Clinical Technique: Amphibian Hematology: A Practitioner's Guide
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Abstract: Amphibian hematology is challenging because of a combination of several factors including small patient size, few venipuncture sites, lack of normative data, and basic variability of the amphibian leukocyte and erythrocyte counts. This variability in amphibian red blood cell and white blood cell counts is based on a number of extrinsic (e.g., temperature, diet, season, light cycle) and intrinsic (e.g., species, gender, life style) factors. If possible, to best guide amphibian hematological interpretation, a conspecific, same gender animal can be sampled for comparison to dispel extrinsic and intrinsic variability. However, the collection of hematological measurements in the single amphibian patient can still provide useful clinical information to guide therapy of even the most diminutive amphibian patient. Therefore, the following brief guidelines are presented in an attempt to guide the clinical practitioner as to collection and interpretive techniques, which can easily be adapted to clinical practice for these fragile jewels of nature. Equipment necessary for venipuncture, venipuncture sites, a venipuncture technique, a technique for determination of an estimated white blood cell count and differential, and a guide for differentiation of leukocytes of the amphibian are given. This guide should by no means supplant a thorough review of the literature or consultation with a clinical pathologist, but will provide general rules of thumb for quick interpretation. Excellent reviews of sampling and complete blood count interpretation are listed in the references. © 2009 Elsevier Inc. All rights reserved.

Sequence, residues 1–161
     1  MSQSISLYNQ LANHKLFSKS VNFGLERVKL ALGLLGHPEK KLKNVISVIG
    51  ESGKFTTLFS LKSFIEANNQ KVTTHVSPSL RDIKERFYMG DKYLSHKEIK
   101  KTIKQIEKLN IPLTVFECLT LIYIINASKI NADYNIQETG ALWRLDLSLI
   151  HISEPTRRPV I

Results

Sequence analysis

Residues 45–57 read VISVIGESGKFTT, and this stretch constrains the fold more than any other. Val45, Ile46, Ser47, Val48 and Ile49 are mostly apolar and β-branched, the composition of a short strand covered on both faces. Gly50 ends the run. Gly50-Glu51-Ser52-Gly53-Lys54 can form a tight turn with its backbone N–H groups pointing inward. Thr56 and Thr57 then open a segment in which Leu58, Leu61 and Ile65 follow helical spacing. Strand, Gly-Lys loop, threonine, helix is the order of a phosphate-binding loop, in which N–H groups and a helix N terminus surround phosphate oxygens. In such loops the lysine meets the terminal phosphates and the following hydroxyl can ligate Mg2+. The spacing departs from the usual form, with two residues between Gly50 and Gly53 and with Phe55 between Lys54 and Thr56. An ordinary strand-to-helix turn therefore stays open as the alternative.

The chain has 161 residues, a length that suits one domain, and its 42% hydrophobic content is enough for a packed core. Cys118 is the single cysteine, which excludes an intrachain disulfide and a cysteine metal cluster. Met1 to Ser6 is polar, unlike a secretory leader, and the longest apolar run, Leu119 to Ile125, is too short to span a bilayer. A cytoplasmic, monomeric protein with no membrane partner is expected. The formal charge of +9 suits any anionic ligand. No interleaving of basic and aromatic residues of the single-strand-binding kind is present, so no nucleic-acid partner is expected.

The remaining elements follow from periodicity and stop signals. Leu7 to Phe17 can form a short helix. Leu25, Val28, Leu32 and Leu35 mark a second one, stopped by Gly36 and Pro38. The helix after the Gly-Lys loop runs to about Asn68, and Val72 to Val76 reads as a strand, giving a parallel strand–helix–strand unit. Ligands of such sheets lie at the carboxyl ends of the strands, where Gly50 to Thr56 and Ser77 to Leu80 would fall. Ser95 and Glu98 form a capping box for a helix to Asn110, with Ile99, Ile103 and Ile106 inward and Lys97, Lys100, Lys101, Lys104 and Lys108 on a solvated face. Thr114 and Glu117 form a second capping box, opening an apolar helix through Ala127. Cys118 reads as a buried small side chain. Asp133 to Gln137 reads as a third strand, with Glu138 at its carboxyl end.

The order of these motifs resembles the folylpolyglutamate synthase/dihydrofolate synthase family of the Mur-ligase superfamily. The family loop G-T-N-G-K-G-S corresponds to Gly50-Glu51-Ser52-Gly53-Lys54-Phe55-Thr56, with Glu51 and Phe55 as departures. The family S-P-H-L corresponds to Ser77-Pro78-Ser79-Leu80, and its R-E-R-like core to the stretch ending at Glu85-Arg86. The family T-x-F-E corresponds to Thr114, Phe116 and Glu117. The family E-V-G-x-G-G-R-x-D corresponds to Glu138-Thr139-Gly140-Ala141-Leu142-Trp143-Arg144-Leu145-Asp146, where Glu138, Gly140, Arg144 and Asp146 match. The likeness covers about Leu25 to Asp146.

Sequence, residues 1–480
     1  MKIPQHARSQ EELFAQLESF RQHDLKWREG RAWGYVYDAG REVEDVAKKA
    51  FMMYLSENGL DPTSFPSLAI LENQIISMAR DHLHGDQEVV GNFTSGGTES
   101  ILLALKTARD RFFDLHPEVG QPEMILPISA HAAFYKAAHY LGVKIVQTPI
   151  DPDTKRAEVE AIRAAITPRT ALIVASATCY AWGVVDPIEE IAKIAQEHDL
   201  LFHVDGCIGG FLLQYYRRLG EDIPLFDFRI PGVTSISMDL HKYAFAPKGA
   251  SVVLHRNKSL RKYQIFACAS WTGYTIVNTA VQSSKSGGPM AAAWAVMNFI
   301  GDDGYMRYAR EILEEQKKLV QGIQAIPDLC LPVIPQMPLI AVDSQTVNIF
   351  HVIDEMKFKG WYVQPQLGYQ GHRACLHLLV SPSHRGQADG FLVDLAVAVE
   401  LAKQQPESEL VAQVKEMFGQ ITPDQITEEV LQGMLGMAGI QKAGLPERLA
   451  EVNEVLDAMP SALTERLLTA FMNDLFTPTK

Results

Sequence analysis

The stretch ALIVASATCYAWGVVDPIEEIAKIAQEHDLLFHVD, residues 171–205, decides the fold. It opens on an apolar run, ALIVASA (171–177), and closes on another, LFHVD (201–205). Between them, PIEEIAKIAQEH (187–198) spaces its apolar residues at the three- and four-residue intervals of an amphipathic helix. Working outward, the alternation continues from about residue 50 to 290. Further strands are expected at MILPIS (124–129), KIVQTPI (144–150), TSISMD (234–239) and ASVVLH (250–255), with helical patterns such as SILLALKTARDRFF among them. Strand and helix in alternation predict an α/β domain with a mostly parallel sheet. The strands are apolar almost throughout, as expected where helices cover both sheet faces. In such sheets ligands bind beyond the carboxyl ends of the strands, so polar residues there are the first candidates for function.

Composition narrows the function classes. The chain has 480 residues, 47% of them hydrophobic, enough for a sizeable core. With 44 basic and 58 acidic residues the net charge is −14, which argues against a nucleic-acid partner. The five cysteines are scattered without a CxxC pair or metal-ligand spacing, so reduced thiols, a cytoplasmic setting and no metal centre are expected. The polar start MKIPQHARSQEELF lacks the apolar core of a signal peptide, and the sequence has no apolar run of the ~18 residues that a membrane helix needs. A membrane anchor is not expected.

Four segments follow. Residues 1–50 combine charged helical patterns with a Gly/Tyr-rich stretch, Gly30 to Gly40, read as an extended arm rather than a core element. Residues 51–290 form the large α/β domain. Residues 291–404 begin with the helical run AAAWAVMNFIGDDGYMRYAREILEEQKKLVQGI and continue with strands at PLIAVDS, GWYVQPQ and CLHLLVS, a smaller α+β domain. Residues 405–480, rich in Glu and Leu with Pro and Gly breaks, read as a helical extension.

author list (cited authors)
Heatley, J. J., & Johnson, M.